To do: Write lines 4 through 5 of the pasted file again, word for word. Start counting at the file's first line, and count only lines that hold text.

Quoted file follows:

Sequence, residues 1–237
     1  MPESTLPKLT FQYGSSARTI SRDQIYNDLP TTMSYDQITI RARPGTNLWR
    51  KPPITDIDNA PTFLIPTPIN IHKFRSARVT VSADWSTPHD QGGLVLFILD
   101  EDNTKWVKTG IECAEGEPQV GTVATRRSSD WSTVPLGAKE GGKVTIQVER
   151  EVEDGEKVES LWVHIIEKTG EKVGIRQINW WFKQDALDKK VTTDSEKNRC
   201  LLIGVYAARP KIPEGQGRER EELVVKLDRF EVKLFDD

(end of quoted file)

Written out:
   101  EDNTKWVKTG IECAEGEPQV GTVATRRSSD WSTVPLGAKE GGKVTIQVER
   151  EVEDGEKVES LWVHIIEKTG EKVGIRQINW WFKQDALDKK VTTDSEKNRC